To the layperson, every farm operation is similar but there are significant differences in local agronomic practices that keep some producers peaking over hedgerows to check up on their neighbors. Agriculture, as an industry, is constantly growing, evolving and adapting. Advances in chemistry, genetics and computer technology have tremendously altered agriculture in the past two decades. A Southampton County row crop farm that may have been in the same family for generations is hardly recognizable from what it was 20 or 30 years ago. When I was a child, small family farms dotted the horizon, every couple miles. Each farm raised a few hundred acres of row crops as well as livestock. Farm life was simple then, farm equipment had no computers, making it much simpler and cheaper to work on. Back then, business was done face to face with a handshake and checks took several days to clear. There are still very productive, small operations in our area, but most are tending 600 to 1,000 acres with a few large producers managing a crop schedule quite larger. Animal agriculture still exists on some county farms today but has taken a drastic decrease over the years. Soil conservation has been widely adopted by Southampton County producers, over the last decade. Winter cover crops, no-till and strip tillage practices have greatly reduced the risk of loosing topsoil to wind and water erosion. Success is no longer measured in the amount of dirt on farmers’ blue jeans, but in shrewd management and marketing decisions. Today’s farmers in comparison, are planting a perfectly straight rows, thanks to GPS guidance, while contracting cotton futures and ordering their next pallet of soybean seed via their iPhones.
At best a farmer only gets about 50 attempts at that perfect growing season. All farmers can pour out their hearts, souls and every dollar they have and they can borrow into a crop. That crop can be the most beautiful and healthiest crop and have all the potential in the world and in an instant; Mother Nature can snap her fingers and ruin it. Hail, drought and hurricanes can all decimate yield production in our area. Every year, brings with it another chance at achieving that “bin buster yield”. Each spring, every producer is reflecting on past growing season trying to find that magic recipe for success. Believe me, agriculture is not a “get rich”, way of life, but the rewards of producing a big yield are comparable to winning the World Series. Big crops are few and far between but they are remembered for a lifetime. Farming gets in our blood at an early age. I can only describe it as a fever. This fever only intensifies with age and the only cure for that fever is diesel fumes and late hours in the field. Agriculture in Franklin and Southampton County is not an occupation, it a lifestyle, a way of life, if you will. There are a few who are willing and able to wake up early, every morning, look at the weather forecast, good or bad and make the commitment to produce food and fiber for the masses.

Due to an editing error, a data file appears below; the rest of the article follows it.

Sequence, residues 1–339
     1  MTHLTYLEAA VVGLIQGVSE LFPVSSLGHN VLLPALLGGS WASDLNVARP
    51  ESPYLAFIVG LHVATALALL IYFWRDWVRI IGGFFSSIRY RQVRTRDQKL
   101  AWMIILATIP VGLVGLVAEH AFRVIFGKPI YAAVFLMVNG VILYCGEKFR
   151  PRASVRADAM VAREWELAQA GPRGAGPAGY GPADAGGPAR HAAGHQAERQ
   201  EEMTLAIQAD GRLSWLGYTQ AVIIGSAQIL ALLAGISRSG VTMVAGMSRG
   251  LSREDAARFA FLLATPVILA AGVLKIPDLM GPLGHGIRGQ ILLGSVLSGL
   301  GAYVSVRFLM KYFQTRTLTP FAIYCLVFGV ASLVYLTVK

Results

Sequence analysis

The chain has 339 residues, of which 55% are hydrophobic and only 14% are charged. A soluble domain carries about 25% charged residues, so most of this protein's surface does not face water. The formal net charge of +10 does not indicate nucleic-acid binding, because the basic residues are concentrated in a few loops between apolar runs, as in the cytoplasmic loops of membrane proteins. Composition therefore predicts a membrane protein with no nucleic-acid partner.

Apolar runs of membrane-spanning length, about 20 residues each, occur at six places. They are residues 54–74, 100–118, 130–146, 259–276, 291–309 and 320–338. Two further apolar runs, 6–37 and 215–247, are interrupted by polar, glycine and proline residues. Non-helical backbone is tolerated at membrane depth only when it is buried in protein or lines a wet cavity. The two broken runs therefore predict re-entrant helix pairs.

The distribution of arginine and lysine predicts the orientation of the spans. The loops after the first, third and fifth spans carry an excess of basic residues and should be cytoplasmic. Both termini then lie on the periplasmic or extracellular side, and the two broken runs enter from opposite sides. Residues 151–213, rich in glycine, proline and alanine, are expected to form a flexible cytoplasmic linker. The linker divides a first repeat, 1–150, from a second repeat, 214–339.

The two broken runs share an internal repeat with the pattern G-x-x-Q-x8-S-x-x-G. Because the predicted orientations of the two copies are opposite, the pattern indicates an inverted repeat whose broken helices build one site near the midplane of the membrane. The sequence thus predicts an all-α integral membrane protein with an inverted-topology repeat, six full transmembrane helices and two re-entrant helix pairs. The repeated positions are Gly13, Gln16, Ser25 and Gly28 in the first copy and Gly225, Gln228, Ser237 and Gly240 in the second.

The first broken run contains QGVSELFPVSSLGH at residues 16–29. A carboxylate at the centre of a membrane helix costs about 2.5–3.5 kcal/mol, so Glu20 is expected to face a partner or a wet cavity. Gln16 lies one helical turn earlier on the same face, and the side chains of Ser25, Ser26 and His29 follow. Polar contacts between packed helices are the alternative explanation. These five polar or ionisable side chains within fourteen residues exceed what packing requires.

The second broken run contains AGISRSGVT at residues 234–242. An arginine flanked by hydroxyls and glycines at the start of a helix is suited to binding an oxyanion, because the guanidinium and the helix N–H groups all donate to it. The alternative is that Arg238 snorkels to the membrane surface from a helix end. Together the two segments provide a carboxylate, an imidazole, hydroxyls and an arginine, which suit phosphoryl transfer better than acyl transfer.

Producers of agricultural products are the only businessmen that purchase all their inputs at retail cost and sell their entire harvest at wholesale. There is great risk in producing crops that rely on fickle weather patterns to succeed. Huge portions of a farm’s budgeted dollars are spent even before those seed ever emerge from the ground. Increasingly high input cost and roller coaster commodity prices can make even the best of agribusiness men scratch their heads.
Franklin and Southampton County farmers, along with farmers all over the Commonwealth and the United States work extremely hard to provide the safest and most plentiful, food supply in the world. Food is not produced in a lab, grocery store or drive through. It is labored over for months in farm fields that hold your Google Earth map together, like puzzle pieces. The next time you and your family sit down for a meal, sit back and take a moment to fathom the hours of work, worry and sleepless nights that made that meal possible. Please take a moment today or any day to thank a farmer, shake their hand and tell them that you appreciate what they do.
Happy National Agriculture Day!
From My Field to Your Home,